What’s in a name?

Plenty, if the name is 'Catholic School Advisory council'

As the number of school closures increases, concern is growing among parents, students and teachers alike. Each school closure has an immediate impact on the surrounding community. But the concern of schools closing is also growing among city councilors and school trustees. They are demanding more involvement in the discussion and decision-making.

While keeping all the schools open isn’t the most economical option, shutting them down permanently may not be either. In areas where the population is expected to increase or there aren’t enough parks, school closures can have a damaging effect on the community.

The Toronto Catholic District School Board had a meeting on Feb. 19 to discuss a range of topics and issues. But surprisingly, school closures in the Catholic school board did not appear to be as high on the agenda as it was for the TDSB.

There was very little discussion as to whether Catholic schools would be closing in Toronto. But while the concern of school closures does not seem to pose an immediate threat, there are other concerns requiring attention.

Instead, the agenda consisted of issues mostly associated with funding, the proposed name-change of the Catholic School Advisory Councils, and merging the CSACs’ funding into the schools’ general account.

The idea of changing the name from Catholic School Advisory Council to Catholic School Council might seem minor, but the slight change has serious consequences.

Representatives from parent councils came to speak at the meeting to address their concerns over the name change, and had a lot to say. Kelly Ann Belton, former chair and community representative for Cardinal Carter Academy for the Arts, spoke on behalf of parents.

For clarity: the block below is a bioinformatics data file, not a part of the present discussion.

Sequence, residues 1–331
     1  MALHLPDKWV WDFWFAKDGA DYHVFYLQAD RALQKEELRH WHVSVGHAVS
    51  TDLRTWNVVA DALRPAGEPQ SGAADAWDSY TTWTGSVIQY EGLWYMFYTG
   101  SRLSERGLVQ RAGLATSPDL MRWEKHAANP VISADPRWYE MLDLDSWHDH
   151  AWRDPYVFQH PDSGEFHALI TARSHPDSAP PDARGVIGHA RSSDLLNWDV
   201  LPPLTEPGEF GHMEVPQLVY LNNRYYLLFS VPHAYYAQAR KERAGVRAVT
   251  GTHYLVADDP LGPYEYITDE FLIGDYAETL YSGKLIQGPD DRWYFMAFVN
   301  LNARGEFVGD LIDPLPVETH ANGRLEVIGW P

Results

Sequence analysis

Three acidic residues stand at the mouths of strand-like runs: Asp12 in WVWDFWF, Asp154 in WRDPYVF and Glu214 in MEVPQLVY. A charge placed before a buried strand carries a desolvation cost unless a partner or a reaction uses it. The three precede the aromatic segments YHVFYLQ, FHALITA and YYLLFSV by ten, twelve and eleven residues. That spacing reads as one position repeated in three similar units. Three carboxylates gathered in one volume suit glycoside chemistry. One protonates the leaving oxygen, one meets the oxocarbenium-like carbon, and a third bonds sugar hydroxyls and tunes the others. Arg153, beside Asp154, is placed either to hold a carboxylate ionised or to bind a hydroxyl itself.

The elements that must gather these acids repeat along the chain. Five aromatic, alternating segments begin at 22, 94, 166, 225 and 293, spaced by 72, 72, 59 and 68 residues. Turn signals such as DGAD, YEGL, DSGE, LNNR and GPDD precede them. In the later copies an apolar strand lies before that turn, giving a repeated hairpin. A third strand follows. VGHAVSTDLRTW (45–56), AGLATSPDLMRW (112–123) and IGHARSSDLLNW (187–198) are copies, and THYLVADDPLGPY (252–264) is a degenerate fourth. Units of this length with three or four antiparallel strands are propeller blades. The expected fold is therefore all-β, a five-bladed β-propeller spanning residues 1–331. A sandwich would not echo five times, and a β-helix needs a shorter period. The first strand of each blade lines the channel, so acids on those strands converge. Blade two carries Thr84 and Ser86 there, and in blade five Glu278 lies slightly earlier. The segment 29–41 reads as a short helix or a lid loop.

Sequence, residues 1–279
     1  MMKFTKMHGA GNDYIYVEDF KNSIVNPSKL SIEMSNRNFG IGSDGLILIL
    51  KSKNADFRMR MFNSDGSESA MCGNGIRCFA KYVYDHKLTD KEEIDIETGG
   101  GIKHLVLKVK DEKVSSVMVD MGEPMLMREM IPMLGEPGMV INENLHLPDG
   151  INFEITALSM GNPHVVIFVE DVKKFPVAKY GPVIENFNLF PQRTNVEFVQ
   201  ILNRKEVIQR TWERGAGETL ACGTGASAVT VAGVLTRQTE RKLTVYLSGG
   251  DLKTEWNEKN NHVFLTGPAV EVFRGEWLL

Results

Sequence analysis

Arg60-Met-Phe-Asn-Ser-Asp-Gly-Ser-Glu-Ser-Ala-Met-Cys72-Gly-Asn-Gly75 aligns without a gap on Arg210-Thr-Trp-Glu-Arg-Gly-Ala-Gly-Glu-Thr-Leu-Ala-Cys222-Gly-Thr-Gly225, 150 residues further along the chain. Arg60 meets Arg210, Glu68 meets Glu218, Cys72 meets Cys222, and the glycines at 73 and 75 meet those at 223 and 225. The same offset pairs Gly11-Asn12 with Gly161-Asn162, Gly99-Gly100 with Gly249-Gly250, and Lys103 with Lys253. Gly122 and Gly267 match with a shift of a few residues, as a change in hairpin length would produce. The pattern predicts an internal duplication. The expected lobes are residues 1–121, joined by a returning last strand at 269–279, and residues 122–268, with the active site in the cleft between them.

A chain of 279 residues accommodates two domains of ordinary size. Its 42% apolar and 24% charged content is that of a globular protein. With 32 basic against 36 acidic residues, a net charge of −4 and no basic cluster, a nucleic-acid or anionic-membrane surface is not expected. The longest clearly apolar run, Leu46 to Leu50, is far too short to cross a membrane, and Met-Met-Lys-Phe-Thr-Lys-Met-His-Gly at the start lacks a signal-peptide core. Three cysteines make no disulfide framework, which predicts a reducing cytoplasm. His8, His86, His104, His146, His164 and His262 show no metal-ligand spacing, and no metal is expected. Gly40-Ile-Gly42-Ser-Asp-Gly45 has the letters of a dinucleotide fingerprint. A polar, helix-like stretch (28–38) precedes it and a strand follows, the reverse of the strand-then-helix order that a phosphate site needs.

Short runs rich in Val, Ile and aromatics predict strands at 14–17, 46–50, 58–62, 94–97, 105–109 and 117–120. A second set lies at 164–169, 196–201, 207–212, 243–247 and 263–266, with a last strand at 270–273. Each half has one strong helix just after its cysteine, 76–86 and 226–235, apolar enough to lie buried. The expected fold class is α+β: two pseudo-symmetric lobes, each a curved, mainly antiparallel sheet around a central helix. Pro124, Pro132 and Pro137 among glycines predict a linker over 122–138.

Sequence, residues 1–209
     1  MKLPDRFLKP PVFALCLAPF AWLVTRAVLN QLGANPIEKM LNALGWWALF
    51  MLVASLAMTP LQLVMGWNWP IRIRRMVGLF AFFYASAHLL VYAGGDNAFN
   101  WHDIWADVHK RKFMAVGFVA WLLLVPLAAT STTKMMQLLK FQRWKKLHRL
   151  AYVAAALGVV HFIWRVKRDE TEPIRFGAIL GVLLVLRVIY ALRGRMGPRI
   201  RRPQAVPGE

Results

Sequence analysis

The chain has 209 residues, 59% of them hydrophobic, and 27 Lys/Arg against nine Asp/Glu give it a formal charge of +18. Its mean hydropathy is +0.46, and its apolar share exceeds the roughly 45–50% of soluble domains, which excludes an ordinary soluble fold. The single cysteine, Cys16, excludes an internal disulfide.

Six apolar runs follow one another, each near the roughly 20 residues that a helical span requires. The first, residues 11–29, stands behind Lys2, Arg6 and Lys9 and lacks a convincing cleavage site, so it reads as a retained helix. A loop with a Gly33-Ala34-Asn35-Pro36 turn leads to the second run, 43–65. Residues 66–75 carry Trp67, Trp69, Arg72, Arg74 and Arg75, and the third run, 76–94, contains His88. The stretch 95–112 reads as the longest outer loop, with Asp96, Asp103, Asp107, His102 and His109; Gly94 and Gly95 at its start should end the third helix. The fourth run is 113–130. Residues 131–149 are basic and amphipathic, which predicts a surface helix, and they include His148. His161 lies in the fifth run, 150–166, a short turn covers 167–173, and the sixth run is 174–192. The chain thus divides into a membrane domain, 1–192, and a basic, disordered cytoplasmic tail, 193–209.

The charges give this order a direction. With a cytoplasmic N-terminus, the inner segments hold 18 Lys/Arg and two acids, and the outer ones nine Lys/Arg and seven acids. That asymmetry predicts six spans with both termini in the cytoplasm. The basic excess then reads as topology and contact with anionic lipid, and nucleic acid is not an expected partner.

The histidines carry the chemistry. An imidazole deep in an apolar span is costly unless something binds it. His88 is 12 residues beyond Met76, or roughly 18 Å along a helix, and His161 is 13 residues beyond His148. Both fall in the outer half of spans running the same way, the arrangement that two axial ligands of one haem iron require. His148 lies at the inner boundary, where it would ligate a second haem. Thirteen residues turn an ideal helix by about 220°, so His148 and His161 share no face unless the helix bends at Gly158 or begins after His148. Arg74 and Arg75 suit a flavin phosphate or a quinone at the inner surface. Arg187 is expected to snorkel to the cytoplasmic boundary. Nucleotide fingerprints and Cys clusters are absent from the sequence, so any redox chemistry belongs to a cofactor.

“Our parents adamantly insist that the word ‘parent’ be in it,” Belton said.

Belton mentioned that during her time as chair and community representative she often put “parent council” in brackets next to the CSAC heading so that students, teachers and parents understood who the notice was coming from. The ambiguity of CSAC confused people.

“I think the confusion comes from what I call things, what you call things and what other people call things,” East York’s Ward 11 Trustee Angela Kennedy said.

The discussion of newcomers and non-English speaking parents was heavily discussed as just one of the reasons to maintain the name, or to at least include the word “parent” in it.

The second issue of merging bank accounts was also heavily discussed at the meeting.

“One of the problems that the parents have is that by putting the funds in complete control of the principal, parents can’t expect to have some voice and some control in how the funds are utilized,” Belton said.

Kennedy also expressed her opposition to this idea, claiming that it really wouldn’t make too much of a difference in the end. She attested to the fact that CSAC bank accounts were secure, strictly monitored and every penny is accounted for.

“It doesn’t matter if the bank accounts are consolidated or not,” Kennedy argued. “We could have the CSAC bank account with two signatures and we could have the school account with two signatures and we would still have insurance.”

“We do not recommend that you pursue this,” Belton said. “Parents have absolutely no confidence in putting the funds in the management of the board.”